Once 700 million strong, monarch populations have now crashed. It’s estimated the eastern population has plummeted by more than 85% while the western population is suffering even more – only 28,000 were counted this winter. Multiple issues are to blame:

Habitat loss and fragmentation. Over 160 million acres of monarch habitat has been lost to development since 1996.  Illegal logging of the overwintering sites in Mexico is also taking a toll.

Climate change. The increased frequency and intensity of extreme weather events can devastate migrating populations. Because of the incredible density of monarchs in the overwintering grounds, severe freezes there are catastrophic.

Pesticides and herbicides. Milkweed used to grow throughout corn and soybean crops across the south and midwest. But herbicides have driven milkweed to near extinction in these agricultural landscapes and depleted monarch populations along the way.  Monarchs are also being impacted by neonicotinoids, a new class of insecticides that spread their toxins through the plant’s tissues. Caterpillars that dine on these plants quickly perish.

OE. Ophryocystis elektroscirrha (OE) is a parasite that infects monarchs, causing them to die in the pupal stage or emerge deformed. Milder infections result in shorter life spans and an inability to fly properly. OE pervades in our area as non-native tropical milkweed (Asclepias curassavica) continues to grow through the cooler months, after native milkweeds have died back. Follow these important steps if you choose to grow tropical milkweed.

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Monarchs overwintering in the oyamel fir forest of Mexico

What You Can Do

Join The Woodlands Township Plant for Pollinators Program. Through this program you can…

Learn

  • Get notified of upcoming lectures, classes and workshops by signing up for the Township’s Environmental Services blog and calendar updates. These free events focus on pollinators, native plants, invasives removal, organic gardening, no-chemical pest control and more.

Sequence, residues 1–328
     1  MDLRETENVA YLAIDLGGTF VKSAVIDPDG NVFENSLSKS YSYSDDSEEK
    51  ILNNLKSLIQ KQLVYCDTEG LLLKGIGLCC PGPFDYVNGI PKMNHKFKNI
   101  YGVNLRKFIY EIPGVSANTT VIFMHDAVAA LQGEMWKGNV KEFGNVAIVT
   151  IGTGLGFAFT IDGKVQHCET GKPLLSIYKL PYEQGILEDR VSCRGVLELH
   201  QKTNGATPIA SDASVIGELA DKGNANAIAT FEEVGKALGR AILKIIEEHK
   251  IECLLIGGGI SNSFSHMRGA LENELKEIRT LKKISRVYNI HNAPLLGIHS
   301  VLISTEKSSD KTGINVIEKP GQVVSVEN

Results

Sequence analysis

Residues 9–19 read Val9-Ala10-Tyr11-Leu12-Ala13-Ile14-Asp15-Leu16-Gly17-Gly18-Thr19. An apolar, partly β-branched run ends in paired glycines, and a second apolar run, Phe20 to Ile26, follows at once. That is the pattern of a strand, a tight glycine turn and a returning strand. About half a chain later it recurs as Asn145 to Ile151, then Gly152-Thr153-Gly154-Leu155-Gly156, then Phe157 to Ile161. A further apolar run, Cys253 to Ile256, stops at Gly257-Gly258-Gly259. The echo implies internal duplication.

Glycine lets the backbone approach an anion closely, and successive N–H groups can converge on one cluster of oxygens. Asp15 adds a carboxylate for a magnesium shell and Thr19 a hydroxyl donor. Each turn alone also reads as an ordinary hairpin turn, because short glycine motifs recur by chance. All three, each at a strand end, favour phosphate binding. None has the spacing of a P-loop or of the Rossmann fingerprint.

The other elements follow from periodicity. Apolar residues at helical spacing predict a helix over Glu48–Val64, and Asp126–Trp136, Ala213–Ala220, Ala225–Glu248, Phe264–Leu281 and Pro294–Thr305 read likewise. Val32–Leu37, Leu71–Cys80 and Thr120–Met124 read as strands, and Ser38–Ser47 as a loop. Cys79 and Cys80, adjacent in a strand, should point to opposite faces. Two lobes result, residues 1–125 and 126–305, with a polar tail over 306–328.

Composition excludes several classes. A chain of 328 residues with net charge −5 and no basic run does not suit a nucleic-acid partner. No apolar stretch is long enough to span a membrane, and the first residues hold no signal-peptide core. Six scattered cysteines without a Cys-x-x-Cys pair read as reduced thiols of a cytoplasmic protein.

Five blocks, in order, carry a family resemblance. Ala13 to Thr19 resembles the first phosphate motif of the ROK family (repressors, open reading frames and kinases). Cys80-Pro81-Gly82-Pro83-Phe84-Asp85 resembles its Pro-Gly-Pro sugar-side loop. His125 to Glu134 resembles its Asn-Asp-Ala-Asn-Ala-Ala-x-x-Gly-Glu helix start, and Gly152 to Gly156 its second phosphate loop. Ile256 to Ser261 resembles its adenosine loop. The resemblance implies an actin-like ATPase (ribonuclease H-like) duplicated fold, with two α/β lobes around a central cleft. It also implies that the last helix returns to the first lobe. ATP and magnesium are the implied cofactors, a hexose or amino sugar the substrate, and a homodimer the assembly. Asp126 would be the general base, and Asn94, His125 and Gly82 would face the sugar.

• Ask for a presentation on the Plant for Pollinators program and how to create habitat from the Township’s team of Environmental Education Specialists.
  • Follow the monarch migration with Journey North, check out the Pollinator Partnership’s Million Garden Challenge and more with these partner links.

Grow

Choose a sunny spot

Volunteer

  • Volunteers are needed for larger community planting projects. Help to weed, seed and spread habitat for all types of pollinators. Contact enviro@thewoodlandstownship-tx.gov if you or your group can lend a hand.

Observe

  • Download the easy-to-use iNaturalist app on your phone and monitor your habitat for monarchs and other pollinators. Your findings will support the Plant for Pollinators Project. It’s also a great way to learn more about nature!

A wondrous journey

The first sighted monarch, migrating from the United States to its overwintering sanctuary deep in the mountains of central Mexico, reached its destination on November 6th, as reported by Journey North. Soon it will be joined by tens of thousands. Then by hundreds of thousands.

The spring and fall migration of the monarch butterfly is truly an amazing phenomenon. The monarch is the only butterfly known to make a two-way migration, similar to birds. Unlike other butterfly species that can overwinter here as larvae, pupae, or even as adults in some species, monarchs just can’t make it through our cold winters.

monarchs-congregation-sky

Using clues from the environment, monarchs know when time is approaching to move on. Scientists believe shortening days and lowering temperatures, along with aging milkweed and nectar sources trigger a change in monarchs. And it’s this change that makes the monarch migration even more extraordinary: monarchs are the only known species to have a multi-generational migration.